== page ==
Banks need more than GH¢400m as Basel II & III kick in

May 22, 2018 / Comments (0)


Banks will require more than the new capital requirement of GH¢400 million in order to meet the minimum capital adequacy ratio (CAR) under Basel II & III.

Although most banks have announced that they are close to meeting the new capital requirement before December 2018, the implementation of Basel II&III is expected to have serious implications on the CAR of banks in the country, which may force some of them to look for additional capital beyond the current GH¢400 million threshold.

This is because the new Basel framework requires a new minimum CAR of 13 per cent, up from the current 10 per cent.

Speaking to the GRAPHIC BUSINESS on the sidelines of its Facts Behind the Figures, the Chief Financial Officer of CAL Bank Limited, Mr Philip Owiredu, said the CAR of banks was a more important index than meeting the new capital requirement since the CAR was what monitored the solvency and liquidity of banks.

“Aside from the recapitalisation, there is something that should be more important to banks and needs to be talked about, which is the implementation of Basel II & III which will come into effect on July 1.

“This will have serious implications on the capital adequacy formulation of all banks and the effect of that will be a drop in CAR. It will be interesting to know where banks are, as far as their capital adequacy now because by July 1, the new directive will have serious implications on the calculation.

“Some people think that the moment you meet the GH¢400 million then you are fine, but we will have certain banks who might need as much as GH¢600 million when they apply Basel II and III because it might force them to go below the minimum capital adequacy of 13 per cent,” he explained.

Mr Owiredu said it was also most likely that some banks would go to the market again in 2019, even after meeting the new capital requirement of GH¢400 million to raise additional capital in order to support their growth due to the implementation of Basel II&III.

“If you plan your capital very well, based on the structure of your balance sheet and looking at the growth that you want, it is most likely that you will have to go back to the market to raise some more capital,” he stated.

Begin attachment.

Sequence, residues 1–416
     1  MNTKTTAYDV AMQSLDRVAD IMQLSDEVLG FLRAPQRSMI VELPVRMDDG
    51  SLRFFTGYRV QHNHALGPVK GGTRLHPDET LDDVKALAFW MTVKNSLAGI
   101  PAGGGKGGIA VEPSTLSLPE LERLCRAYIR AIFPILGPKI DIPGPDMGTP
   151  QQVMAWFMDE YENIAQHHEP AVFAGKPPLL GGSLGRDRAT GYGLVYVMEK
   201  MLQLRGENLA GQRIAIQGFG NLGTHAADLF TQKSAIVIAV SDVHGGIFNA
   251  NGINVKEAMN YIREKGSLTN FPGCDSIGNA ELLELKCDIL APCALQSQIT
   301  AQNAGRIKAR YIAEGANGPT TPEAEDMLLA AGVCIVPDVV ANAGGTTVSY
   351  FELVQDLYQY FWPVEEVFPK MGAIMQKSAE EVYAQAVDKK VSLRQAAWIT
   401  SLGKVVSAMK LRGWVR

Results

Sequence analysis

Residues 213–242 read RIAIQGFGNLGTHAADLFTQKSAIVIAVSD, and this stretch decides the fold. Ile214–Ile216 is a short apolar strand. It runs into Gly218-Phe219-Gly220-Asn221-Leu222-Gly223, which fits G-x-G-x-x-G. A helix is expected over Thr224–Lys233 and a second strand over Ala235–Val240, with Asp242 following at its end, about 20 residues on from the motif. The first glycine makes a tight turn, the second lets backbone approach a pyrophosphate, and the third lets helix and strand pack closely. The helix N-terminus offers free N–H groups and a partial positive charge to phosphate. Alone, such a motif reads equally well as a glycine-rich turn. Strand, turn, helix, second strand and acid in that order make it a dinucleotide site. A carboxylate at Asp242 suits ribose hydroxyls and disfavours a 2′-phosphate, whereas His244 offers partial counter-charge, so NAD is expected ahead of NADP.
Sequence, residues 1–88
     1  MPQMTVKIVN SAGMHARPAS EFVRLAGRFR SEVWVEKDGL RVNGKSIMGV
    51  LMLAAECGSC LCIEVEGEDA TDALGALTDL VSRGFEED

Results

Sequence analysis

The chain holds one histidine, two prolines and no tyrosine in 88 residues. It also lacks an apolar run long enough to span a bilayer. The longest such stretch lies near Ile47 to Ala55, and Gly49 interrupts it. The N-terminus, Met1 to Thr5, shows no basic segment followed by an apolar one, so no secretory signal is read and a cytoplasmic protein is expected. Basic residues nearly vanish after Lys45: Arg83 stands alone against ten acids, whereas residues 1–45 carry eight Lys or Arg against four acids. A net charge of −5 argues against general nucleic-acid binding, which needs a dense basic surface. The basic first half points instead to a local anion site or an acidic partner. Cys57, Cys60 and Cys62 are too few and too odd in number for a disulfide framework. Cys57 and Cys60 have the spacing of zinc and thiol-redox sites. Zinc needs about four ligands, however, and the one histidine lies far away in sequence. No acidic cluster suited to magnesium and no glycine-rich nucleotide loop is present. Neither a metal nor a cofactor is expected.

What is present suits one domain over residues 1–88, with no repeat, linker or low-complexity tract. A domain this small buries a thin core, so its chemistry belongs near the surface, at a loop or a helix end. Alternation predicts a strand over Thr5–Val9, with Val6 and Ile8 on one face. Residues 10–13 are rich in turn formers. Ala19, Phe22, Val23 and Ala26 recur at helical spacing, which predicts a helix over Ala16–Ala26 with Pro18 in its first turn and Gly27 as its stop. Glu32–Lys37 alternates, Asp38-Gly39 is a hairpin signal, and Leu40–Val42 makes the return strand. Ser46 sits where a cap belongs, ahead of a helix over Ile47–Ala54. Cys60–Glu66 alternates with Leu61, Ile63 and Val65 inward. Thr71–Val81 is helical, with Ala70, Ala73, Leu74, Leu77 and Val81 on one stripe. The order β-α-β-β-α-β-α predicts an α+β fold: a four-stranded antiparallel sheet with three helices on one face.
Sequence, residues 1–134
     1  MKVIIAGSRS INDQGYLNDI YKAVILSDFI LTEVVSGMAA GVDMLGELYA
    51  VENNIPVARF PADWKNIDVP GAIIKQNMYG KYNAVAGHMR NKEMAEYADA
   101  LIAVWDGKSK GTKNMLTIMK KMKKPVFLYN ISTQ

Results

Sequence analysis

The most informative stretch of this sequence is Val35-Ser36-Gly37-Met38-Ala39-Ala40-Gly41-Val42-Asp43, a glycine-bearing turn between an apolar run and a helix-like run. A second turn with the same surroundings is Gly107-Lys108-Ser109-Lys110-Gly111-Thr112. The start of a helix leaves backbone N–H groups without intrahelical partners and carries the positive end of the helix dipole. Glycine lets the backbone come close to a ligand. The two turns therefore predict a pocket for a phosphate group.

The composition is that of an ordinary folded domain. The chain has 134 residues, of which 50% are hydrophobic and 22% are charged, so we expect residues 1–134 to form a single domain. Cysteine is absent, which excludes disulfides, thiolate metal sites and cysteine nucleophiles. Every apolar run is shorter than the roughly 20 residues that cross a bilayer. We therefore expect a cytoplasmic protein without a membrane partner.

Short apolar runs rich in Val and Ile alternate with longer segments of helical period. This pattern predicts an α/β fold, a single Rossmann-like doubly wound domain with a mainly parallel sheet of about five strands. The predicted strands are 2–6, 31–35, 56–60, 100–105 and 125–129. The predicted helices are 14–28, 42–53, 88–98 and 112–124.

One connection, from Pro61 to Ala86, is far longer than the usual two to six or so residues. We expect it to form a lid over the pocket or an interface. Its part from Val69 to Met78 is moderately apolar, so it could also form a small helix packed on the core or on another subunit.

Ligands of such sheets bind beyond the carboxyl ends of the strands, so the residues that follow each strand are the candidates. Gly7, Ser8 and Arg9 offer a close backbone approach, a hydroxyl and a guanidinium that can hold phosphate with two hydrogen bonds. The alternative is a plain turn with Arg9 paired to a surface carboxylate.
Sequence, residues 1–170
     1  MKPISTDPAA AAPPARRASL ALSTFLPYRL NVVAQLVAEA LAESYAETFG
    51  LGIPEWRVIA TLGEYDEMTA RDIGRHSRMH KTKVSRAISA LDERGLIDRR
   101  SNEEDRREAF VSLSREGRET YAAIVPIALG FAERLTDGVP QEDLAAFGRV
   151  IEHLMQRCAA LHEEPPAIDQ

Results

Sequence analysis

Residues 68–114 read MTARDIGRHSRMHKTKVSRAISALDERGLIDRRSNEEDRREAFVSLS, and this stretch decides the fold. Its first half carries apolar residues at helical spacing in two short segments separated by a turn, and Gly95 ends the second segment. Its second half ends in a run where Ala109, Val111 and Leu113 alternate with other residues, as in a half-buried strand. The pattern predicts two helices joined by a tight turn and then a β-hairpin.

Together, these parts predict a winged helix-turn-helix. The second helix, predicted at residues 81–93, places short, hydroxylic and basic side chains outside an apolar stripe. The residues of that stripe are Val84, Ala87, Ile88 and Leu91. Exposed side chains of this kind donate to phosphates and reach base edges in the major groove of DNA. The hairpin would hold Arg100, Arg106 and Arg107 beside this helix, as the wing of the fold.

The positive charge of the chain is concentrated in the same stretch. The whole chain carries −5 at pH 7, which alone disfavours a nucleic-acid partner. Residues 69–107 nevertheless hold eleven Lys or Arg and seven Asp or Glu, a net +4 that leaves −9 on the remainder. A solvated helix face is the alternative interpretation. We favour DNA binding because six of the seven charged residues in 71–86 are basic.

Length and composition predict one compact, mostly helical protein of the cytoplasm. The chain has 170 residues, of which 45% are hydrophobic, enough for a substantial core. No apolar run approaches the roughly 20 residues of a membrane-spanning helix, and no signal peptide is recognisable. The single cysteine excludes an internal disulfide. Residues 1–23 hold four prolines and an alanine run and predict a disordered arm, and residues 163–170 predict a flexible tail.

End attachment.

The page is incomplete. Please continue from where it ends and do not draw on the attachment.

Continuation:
Also speaking in an interview with the GRAPHIC BUSINESS, a Banking Consultant, Nana Otuo Acheampong, said not only some but all banks would be affected by the implementation of the Basel II & III as it would lead to a dip in the capital buffer of all the banks, making it difficult for them to meet the 10 per cent plus three CAR requirement.

He said the country could, however, learn from the UK example where the banks were given an extended period of time to meet the CAR.

“In Europe, they have given them five years for that to reflect,” he stated.

“There will be a mid-year review by the Bank of Ghana where all the banks are supposed to submit their capital plan to the regulator by the end of June and I hope this issue will be addressed,” he added.

The CAR of the banking industry grew from 18.5 per cent in the first quarter of 2017 to 19.2 per cent in the first quarter of 2018, representing a year-on-year increase of 3.8 per cent.

Although total assets for the same periods grew from GH¢83.7 billion to GH¢95.1 billion, representing a year-on-year increase of 13.7 per cent, the non-performing loan ratio which also grew from 17.7 per cent to 21.6 per cent for the first quarter impacted on the growth of the CAR in the industry.

Basel II & III are a focused set of qualitative and quantitative requirements to effectively monitor and proactively manage the risk profile of financial institutions.

The new requirements consider the capital ratio approach as the metric to monitor the solvency of financial institutions.

However, they modify the calculation process by changing the definition and components of the capital ratio, as it requires institutions to hold more higher-quality capital.

Their implementation is expected to lead to enhanced regulatory capital requirements, stricter capital composition, changes to the treatment of deductions, increased perimeter for risk-weight calculations, new standards for managing and measuring liquidity risk and a more comprehensive disclosure and reporting frequency requirements.

Source: Graphic Online

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